Archive for October, 2014

“Twenty-six miles across the sea, Santa Catalina is awaiting for me.  Santa Catalina, the island of romance, romance, romance.”   And so the song from the 1950’s begins.  However from what I can determine Catalina is only 22 miles from the mainland but still a fun or romantic place to visit.  The island is very Mediterranean in appearance and although you feel far away from the U.S., this island, part of the Channel Islands, belongs to California. So if you find yourself in Los Angeles sometime, think about a trip over to the island.

Catalina is a 76-square-mile island about 80% undeveloped.  This is partly due to the semi arid desert soil filled with cactus, especially prickly pear.  The temperatures are pretty steady year round with winter averages about 65 degrees and summer around 75 degrees with lows between 50-60 degrees.  The island gets about 14” of rain a year and this is crucial since the water supply is dependent on the rainfall.

The only town on the island is Avalon with a population of 3,800.  However weekends and summer the population swells to 10,000.  Avalon was named for an island paradise in the King Arthur legend.  There is also a rustic village called Two Harbors (with a population of
150) which has a B&B and a campground.

From Avalon, there are vehicles that can take you the eighteen miles to Two Harbors
on the only road that cuts through the island but your best option is to take a boat or helicopter from the “airport in the sky.”

Boats and helicopters are, of course, the main way you arrive on the island.  An occasional cruise ship stops but there is not a deep enough pier so you have to tender to get to shore.  There are four different places to catch the high speed ferries that will take you a little over an hour to reach Catalina.  They are San Pedro, Long Beach, Newport Beach, and Dana Point.  There are
also three airports that have helicopter service: Long Beach, San Pedro and Orange County.

However you get there, when you see the Green Pier, you know you have arrived.  And if you decide to stay overnight you have a choice of oceanfront hotels, usually three or four stories high, private condos, beach houses, B&Bs, or camp sites.  However, I suggest a reservation, especially on weekends and peak times.  And then there is the Inn on Mt. Ada.  In peak times it might take you up to a year to get a reservation in this Wrigley Mansion of yesteryear.  The Inn has won awards from Conde Nast, Fodor’s, Trip Advisor, and Forbes.  A complimentary golf cart (the main means of transportation on the island) is included in your stay as well as breakfast and lunch.  However no children under 14 years of age are allowed.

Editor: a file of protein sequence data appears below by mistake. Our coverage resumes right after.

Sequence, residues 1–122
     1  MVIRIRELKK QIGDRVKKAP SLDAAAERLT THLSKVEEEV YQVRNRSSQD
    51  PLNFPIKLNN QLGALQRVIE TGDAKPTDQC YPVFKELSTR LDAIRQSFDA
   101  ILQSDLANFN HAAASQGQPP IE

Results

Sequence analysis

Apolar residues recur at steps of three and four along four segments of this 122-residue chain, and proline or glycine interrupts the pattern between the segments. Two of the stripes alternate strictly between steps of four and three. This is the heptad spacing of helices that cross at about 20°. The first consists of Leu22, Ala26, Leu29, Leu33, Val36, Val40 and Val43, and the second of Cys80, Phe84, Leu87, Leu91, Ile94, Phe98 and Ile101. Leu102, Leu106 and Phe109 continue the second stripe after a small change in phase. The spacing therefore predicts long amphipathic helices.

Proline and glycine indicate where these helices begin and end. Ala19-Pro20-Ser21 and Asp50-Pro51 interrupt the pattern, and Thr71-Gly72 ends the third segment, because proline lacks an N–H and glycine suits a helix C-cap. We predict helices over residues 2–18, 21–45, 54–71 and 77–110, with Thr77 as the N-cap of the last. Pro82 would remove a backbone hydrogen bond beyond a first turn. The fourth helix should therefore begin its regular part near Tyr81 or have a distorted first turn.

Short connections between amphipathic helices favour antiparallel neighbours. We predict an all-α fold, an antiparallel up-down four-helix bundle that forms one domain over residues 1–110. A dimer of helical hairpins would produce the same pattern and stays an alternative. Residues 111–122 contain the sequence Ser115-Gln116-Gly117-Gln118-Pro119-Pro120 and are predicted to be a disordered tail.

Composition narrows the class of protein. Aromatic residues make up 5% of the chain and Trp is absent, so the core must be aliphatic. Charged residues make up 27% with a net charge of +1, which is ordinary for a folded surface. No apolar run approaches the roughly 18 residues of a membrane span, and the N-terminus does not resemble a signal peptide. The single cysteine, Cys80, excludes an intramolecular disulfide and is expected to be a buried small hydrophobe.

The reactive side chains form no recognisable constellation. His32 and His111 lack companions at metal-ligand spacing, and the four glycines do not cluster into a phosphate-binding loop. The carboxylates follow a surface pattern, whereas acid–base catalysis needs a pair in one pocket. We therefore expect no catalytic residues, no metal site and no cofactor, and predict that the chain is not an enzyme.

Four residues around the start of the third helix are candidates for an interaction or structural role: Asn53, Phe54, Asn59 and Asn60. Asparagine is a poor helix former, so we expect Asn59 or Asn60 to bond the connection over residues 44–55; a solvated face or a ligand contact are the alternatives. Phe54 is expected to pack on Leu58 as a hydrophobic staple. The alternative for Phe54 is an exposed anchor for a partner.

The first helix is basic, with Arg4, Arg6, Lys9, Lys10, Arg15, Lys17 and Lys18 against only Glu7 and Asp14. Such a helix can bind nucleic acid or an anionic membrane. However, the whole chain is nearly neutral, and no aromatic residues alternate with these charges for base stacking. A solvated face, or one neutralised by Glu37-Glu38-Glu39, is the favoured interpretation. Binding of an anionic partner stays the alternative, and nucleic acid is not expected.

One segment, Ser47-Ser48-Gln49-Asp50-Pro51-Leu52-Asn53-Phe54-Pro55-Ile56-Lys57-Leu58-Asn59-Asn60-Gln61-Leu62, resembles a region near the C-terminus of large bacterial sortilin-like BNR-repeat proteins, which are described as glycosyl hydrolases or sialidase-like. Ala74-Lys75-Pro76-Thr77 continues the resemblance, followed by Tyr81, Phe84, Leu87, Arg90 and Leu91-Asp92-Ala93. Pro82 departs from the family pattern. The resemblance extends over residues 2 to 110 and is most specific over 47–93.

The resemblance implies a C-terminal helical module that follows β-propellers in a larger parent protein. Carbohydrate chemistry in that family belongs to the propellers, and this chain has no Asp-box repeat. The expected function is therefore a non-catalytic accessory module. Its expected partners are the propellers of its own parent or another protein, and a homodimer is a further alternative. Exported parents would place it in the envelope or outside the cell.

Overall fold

The island was inhabited by Native Americans for over 7,000 years but the first known European explorer came in 1542.  Sixty years later another explorer from Spain named the island after St. Catherine of Alexandria.

Modern day development did not begin until The Banning Brothers purchased the island
in 1894.  In 1898, the Avalon Tuna Club, the oldest fishing club in the U.S., was founded and begin attracting many famous men like Zane Grey, John Wayne, Cecil B. DeMille, Charlie Chaplin, and Winston Churchill.

After a devastating fire in 1915, the brothers never recovered their investment and
sold the island in 1919 to William Wrigley, the chewing gum magnate.  He used his wealth to develop Avalon into one of the most unique island resorts in the country.

In 1921, Wrigley started bringing the Chicago Cubs for spring training and this
continued for thirty years.  Fourteen buffalo were brought to the island to film a classic Zane Grey movie and still roam around today in the back country.

In 1928 Wrigley started construction of the famous Catalina Casino which
took a year to complete.  The building was designed with a ballroom over a 1200 seat movie theater in the Moorish Alhambra style with Art Deco fixtures.  In the 1940’s and 1950s all the famous Big Bands played at the Casino on weekends.  It is such a unique looking building; it,
along with the green Pier, is a symbol of Catalina.

Many Hollywood stars in the 1940s and 1950s came to play on the island.  Humphrey Bogart was often seen and Norma Jeane lived on the island before she became Marilyn Monroe.  This is also where Robert Wagner and Natalie Woopd’s boat was anchored when she drowned.

There are many events on the island from music to races to sports and something seems
to be going on every weekend.  There is no place like the casino for the JazzTrax Festival and every September the Catalina Film Festival takes place there.

Besides sitting back and relaxing what can the average tourist do on the island?  In addition to relaxing on the beaches, you can rent a golf cart for a two hour ride around the hills of Avalon—but watch out for all the tourist drivers.  For those who like water adventures there is a glass bottom boat, a semi-submersible submarine tour, kayaks and paddleboards, snorkeling, diving, jet skiing, fishing, or parasailing.  For land adventures there is hiking, biking, a climbing wall and a zipline.  You can also visit the Wrigley Memorial and Botanic Garden or the Nature Center in Avalon Canyon.

As the song continues, “water all around you everywhere” Catalina is a relaxed
friendly island easy to explore on foot or golf cart.  And while you are there, don’t forget to eat
some fresh seafood found in most restaurants.

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